5 Lessons Writers Should Learn from Overwatch

5 Lessons Writers Should Learn from Overwatch

Hey there, Rebel, and welcome back to my life.

A tiny, small little video game came out a little bit ago. You probably haven’t heard of it. It’s called Overwatch.

Have you played it? Statistically speaking, if you’re a video gamer, you probably have. And even if you haven’t, statistically speaking, if you’re a person, you’ve heard about it.

I myself have not played it, despite being a gamer, because I don’t have an actual gaming PC, I only have a Mac.

Macs: great for everything…except video games. That would be a terrible ad campaign.

However, I am INTIMATELY AWARE of many things Overwatch, and there’s one single, simple reason why: I exist on Tumblr.

Tumblr FREAKING ADORES Overwatch. And as with anything else, once Tumblr decides it loves a thing, that thing is inescapable on the website.

There is fan art. There are fanfics. And there are erotic versions of both of those things.

Tumblr’s a pretty erotic place, if you didn’t already know.

And because of the amount of Overwatch content on Tumblr, and DESPITE THE FACT that I STILL have not even played the game—I know a WHOLE lot about Overwatch and the lore surrounding it.

And the reason I want you to think about this today is that if you are a writer, or, really, ANY type of creator, you should be learning five very important lessons from Overwatch.

Lesson Number One: Fan Contribution

What Blizzard has done with Overwatch is created a world that is so awesome, and yet so limited, that their rabid fan community is scrambling to fill in the blanks.

At unprecedented levels, people are creating art FOR FREE that is a direct advertisement for the game. So how did they make this happen?

Lesson Number Two: Design

Design is a HUGE element in the popularity of the game. Think of the protagonists of other major game franchises. How many of them are fun to draw?

How many times can you draw Geralt from The Witcher III before it gets boring? Who even is the main character in Dark Souls?

The Assassin’s Creed games do better at this, but honestly, once you’ve drawn one badass assassin hoodie, you’ve drawn them all.

Even a similarly awesome, popular game like Dragon Age just doesn’t have that much going for it, artistically.

Meanwhile, the heroes in Overwatch just look FREAKING AWESOME. They’re fun for artists to draw, and they’re great for fans to look at.

So when you’re creating your own OCs, whether in books or another art form, give them something unique and interesting that will draw the audience in.

Lesson Number Three: Optimism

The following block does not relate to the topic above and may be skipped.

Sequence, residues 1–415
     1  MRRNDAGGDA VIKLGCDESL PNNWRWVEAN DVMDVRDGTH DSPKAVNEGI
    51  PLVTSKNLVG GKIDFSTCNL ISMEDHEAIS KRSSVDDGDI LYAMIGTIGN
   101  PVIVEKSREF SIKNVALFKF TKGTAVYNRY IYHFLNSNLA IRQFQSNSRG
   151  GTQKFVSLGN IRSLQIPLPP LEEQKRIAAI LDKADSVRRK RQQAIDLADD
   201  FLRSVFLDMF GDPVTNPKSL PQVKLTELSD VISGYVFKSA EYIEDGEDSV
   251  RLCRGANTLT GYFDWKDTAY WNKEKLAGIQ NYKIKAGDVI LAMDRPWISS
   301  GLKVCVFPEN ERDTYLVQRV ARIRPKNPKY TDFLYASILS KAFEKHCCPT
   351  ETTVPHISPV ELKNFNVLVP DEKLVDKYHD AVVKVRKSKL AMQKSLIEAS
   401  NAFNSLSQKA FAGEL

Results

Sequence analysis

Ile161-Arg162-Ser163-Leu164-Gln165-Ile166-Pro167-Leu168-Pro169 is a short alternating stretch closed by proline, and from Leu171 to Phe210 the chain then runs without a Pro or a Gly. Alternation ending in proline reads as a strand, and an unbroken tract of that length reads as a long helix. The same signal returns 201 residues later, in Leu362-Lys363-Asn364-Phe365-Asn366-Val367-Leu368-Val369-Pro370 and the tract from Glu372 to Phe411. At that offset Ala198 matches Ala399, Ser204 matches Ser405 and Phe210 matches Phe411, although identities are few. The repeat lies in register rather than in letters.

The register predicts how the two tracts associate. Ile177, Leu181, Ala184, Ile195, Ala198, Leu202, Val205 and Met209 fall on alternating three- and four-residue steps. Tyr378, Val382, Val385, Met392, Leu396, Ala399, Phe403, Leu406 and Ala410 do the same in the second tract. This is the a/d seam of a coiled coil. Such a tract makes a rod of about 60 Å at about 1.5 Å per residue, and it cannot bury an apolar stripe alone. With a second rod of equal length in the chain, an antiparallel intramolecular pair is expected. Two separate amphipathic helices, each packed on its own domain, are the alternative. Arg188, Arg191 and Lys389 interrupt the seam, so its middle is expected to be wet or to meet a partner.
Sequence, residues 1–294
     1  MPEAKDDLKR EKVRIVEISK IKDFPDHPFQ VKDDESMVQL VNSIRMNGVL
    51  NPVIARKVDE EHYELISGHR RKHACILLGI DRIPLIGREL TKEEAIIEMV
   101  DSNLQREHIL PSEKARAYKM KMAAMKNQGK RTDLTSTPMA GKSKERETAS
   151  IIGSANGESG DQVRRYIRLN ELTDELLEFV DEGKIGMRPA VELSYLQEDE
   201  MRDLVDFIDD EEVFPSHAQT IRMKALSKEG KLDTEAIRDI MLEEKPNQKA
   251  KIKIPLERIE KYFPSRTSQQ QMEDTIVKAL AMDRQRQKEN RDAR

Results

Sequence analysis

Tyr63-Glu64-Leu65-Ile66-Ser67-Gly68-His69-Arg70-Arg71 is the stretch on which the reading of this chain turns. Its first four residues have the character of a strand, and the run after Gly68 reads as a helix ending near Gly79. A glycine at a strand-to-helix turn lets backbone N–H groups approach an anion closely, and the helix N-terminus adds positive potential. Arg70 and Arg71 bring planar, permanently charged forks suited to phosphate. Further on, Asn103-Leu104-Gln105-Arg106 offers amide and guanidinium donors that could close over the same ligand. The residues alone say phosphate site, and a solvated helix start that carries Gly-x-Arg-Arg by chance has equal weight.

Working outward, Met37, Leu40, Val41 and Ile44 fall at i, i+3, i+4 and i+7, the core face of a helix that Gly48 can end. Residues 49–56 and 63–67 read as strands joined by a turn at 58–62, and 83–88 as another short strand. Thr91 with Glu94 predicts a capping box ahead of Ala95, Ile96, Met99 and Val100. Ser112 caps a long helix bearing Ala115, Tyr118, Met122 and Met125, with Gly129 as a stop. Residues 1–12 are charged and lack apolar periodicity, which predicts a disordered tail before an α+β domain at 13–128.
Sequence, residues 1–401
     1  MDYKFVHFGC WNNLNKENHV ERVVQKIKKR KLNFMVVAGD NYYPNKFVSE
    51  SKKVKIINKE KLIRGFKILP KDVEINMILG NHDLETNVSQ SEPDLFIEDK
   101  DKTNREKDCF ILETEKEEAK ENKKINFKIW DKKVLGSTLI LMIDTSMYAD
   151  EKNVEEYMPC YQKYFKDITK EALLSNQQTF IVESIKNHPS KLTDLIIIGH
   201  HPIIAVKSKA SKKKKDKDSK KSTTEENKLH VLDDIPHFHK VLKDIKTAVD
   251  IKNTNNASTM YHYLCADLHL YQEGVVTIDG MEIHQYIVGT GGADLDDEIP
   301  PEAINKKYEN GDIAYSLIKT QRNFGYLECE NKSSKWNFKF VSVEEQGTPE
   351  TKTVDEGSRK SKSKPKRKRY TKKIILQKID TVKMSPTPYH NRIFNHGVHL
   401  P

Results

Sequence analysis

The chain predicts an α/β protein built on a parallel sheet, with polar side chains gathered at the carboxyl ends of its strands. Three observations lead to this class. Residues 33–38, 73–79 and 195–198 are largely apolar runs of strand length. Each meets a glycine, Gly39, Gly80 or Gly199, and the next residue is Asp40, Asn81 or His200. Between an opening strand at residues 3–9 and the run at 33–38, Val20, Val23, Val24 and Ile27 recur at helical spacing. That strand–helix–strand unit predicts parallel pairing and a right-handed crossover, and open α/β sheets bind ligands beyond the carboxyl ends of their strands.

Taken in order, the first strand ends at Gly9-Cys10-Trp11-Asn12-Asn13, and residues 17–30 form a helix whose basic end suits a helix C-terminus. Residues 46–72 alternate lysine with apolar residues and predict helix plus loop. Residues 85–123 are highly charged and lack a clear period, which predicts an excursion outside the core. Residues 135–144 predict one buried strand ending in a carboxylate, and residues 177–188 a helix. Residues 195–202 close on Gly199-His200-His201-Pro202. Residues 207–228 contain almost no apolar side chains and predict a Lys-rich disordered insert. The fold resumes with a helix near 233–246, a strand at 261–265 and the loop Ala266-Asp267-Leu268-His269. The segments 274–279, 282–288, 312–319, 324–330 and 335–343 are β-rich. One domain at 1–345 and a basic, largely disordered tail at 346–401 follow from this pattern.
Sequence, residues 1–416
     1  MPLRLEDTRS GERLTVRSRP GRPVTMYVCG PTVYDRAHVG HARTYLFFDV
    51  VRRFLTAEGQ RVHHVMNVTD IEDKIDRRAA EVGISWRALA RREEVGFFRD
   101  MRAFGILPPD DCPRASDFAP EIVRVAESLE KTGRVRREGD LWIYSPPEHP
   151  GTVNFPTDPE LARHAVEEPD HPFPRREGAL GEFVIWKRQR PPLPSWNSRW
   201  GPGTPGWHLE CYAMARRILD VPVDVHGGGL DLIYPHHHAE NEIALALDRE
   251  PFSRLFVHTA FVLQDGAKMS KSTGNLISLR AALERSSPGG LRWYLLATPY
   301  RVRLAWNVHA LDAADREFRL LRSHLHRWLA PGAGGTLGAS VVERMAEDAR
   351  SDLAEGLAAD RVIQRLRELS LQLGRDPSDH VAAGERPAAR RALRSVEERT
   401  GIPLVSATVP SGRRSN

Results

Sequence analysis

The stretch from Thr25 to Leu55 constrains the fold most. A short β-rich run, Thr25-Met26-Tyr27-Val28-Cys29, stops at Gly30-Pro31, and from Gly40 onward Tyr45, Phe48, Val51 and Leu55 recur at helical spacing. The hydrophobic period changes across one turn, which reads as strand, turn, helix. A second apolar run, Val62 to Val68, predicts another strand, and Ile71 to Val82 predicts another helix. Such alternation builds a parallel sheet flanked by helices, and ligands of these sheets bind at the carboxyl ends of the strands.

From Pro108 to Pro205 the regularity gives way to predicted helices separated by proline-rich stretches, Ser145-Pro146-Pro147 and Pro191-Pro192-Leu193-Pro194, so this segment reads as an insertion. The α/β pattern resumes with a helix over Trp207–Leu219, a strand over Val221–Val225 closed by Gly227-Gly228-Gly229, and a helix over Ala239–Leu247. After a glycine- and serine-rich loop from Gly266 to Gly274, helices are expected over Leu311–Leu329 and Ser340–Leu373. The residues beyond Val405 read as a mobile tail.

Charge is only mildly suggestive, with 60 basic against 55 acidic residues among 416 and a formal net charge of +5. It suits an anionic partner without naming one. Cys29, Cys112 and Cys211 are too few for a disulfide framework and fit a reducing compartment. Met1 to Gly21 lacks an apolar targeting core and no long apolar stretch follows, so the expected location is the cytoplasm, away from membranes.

Overwatch is a freaking awesome place!

In a day and age where it seems like everyone is rushing to be as dark and gritty as they possibly can be, Overwatch is a universe full of optimism and hope and FUN.

Yes, there’s evil as well, but even when the good guys are fighting the bad guys, there’s a definite sense that they enjoy what they’re doing and they’re doing it for a reason.

Lesson Number Four: Diversity

I don’t want to go on and on about this one, because it’s been expressed better by other people and because as a straight white guy, I have a limited amount to say on the subject.

Suffice it to say that EVERY independent, unbiased study of media and pop culture definitively proves that gender, racial and sexual diversity sells better than white male heteronormativity.

And Blizzard has learned that lesson and is running with it, to the huge delight of so many gamers who are traditionally underrepresented.

Lesson Number Five: The Wizard Behind the Curtain

The only reason people were afraid of the Wizard of Oz was because so few people ever even saw him, and those who did never saw his true face.

Things we can’t see are always more impressive than things we can see. So by giving us only tiny little tidbits of the story surrounding Overwatch, Blizzard is letting us fill in the blanks in our own mind.

Just like the Lord of the Rings—my #1 fandom—they’ve thrown you into this AMAZING-looking world full of fully-realized people and places and events, and only told you a tiny little bit about what’s going on.

And our natural human reaction is to go, “Holy crap, that looks awesome. I bet—” and then we fill in the blanks with whatever WE want the story to be, or what we think it is.

That naturally creates a whole community of people who are WAY more invested in the story than they would be otherwise. And that’s something we as creators should always be trying to achieve.

And that’s it for today, Rebel. I will be getting a PC one of these days, and when I do, you’ll definitely be able to see me playing Overwatch. Really looking forward to that.

Thank you so much for watching, and I will see you next time. Byyye!

Garrett Robinson

Over 100,000 readers have read and loved Garrett's books, like the fantasy hits Nightblade and Midrealm. He's also a film festival favorite with movies like Unsaid, and a tech guru who posts lots of helpful how-tos for writers and filmmakers over at garrettbrobinson.com.

Share This